Russians are prepared to negotiate, the assets on offer (typically raw
materials or the production from a factory) are rarely looked on as prized
trophies in western boardrooms. 

If you consolidate the holdings to increase bargaining power, and use an
intermediary to turn the proffered assets into cash, the picture looks more
encouraging. This is where Russia’s newest financial service, asset recovery,
hopes to make its mark. Modelled on the example of Latin America in the 1980s,
the aim is to turn non-performing Russian assets into performing dollar ones
(albeit at a huge discount—25 cents on the original dollar is regarded as

Early examples include the Samara region, which is now paying some of its
rouble-bond holders in oil; and Russia’s main diamond producer, Alrosa, which
has swapped its non-performing rouble and dollar debt, originally worth $100m,
into $40m in dollar bonds, secured against gem-export revenues guaranteed by
De Beers, an international diamond company. 

More are to come. Victor Huaco of Russia Capital Recovery, which has brokered
more than a dozen deals, including those with Alrosa and Samara, says that one
of the country’s biggest cities is close to a deal that involves swapping its
debt-obligations for buildings. Unlike timid foreign investors, specialist
asset-recovery companies such as his are not afraid to sue. 

None of this helps cure Russia’s ailments, of lousy corporate governance,
macroeconomic weakness, and low productivity. And whereas some well-organised
investors cut and run, others wait and get nothing, which is hardly evidence
of an orderly market. Nor does the vogue for asset recovery say much for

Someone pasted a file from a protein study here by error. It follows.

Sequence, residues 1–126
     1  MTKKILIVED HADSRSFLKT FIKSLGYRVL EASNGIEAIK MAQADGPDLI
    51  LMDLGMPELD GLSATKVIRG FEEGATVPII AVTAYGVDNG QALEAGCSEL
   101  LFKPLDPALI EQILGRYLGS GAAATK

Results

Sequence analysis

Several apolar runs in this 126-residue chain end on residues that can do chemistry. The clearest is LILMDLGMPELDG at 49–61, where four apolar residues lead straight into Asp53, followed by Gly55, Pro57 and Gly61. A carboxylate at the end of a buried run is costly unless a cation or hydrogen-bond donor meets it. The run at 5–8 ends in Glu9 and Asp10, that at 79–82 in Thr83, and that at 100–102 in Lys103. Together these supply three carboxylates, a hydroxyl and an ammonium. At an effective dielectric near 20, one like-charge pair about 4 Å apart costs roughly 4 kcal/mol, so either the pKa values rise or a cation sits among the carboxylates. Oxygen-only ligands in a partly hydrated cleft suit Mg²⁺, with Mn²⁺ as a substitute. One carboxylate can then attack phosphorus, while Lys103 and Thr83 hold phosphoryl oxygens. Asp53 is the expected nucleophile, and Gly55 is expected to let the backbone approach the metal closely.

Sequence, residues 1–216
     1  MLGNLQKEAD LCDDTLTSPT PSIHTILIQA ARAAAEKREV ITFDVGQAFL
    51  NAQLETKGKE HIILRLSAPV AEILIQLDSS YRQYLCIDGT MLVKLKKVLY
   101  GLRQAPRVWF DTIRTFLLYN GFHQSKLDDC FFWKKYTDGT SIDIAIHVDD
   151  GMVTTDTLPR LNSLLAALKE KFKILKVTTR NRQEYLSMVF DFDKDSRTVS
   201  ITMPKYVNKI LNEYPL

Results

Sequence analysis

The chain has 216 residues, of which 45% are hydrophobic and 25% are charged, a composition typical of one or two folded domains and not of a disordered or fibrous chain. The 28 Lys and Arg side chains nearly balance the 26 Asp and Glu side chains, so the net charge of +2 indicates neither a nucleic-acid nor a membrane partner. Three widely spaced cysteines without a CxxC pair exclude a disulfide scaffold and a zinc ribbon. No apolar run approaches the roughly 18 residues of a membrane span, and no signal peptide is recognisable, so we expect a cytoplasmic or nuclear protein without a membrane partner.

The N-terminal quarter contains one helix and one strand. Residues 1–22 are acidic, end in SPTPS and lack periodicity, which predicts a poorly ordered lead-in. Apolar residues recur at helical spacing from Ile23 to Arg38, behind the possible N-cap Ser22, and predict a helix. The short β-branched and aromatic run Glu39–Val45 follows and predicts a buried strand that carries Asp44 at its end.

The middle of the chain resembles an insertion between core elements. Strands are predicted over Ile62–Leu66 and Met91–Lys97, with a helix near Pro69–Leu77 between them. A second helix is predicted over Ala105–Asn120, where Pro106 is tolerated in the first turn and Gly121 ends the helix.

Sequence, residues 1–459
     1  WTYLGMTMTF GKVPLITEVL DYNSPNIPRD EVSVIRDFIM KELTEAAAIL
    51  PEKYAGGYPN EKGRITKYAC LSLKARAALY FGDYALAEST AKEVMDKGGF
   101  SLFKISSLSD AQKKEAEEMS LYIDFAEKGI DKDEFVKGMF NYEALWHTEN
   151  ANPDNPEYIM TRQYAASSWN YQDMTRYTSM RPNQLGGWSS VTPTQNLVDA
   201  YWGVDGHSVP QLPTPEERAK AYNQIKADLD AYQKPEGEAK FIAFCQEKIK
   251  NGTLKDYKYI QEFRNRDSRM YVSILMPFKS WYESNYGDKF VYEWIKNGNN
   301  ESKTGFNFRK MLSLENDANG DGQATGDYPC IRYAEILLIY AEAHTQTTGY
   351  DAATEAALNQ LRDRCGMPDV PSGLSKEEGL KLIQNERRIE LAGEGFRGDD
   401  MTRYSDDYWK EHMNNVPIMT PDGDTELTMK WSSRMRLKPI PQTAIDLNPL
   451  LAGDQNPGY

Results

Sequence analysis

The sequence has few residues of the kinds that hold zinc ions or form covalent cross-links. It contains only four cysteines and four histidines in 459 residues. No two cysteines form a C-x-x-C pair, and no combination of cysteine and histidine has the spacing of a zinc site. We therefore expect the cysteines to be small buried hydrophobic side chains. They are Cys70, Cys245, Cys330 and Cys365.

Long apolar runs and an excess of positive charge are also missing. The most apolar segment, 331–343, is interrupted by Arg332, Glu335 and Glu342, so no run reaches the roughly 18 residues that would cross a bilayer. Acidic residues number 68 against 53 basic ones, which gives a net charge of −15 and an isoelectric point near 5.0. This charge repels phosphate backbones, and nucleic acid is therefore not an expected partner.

perceptions of Russia’s economic prospects. Nonetheless, that asset recovery
is working at all is a small gleam of light. Mr Huaco and others have shown
that a lawsuit—or a well-administered reminder of the costs of defaulting—can
make Russian borrowers think a bit harder about their investors’ interests. A
shame it wouldn’t work for the IMF. 


Zhirinovsky to Run in Belgorod REGION'S Gubernatorial Polls.

MOSCOW, April 1 (Itar-Tass) - Leader of the Liberal Democratic Party (LDPR),
Vladimir Zhirinovsky, will run in the Belgorod region's gubernatorial
election, scheduled for May 30, a lawmaker told reporters on Thursday. 

"The party will make all efforts, it will send thousands of people there to
ensure Zhirinovsky's victory," said Aleksei Mitrofanov, an LDPR member at
Russia's State Duma, the lower house of parliament, who chairs the Duma's
geopolitical committee. 

Mitrofanov said the LDPR leader intends to make a working visit to Belgorod on
April 5 to take stock of the situation, "because the election is in two


Yeltsin Calm about Upcoming Impeachment Vote: Official.

MOSCOW, April 1 (Itar-Tass) - A presidential representative at Russia's State
Duma, the lower house of parliament, said on Thursday the head of state "is
quite calm about the impeachment procedure," scheduled for April 15. 

Yeltsin "has committed no crimes, he does not feel guilt and therefore is not
afraid of the impeachment vote," Alexander Kotenkov told Itar-Tass. 

Kotenkov was commenting on the Wednesday statement by deputy head of the
presidential administration Oleg Sysuyev that it made no sense to postpone the

"It is the general position of the presidential administration and Boris
Yeltsin himself," Kotenkov said. 

In his view, "if the Duma delays the issue the president would be in suspense
and remain a target for opposition." 

"We do not need foot-dragging over the impeachment procedure," the
presidential representative said. 

At the same time, he stated that "we do not insist either on postponement or
on a concrete date, let it be as the Duma will decide." Kotenkov also said
there is "a certain logic" in the speaker's proposal to postpone the
impeachment debate due to the situation in Yugoslavia.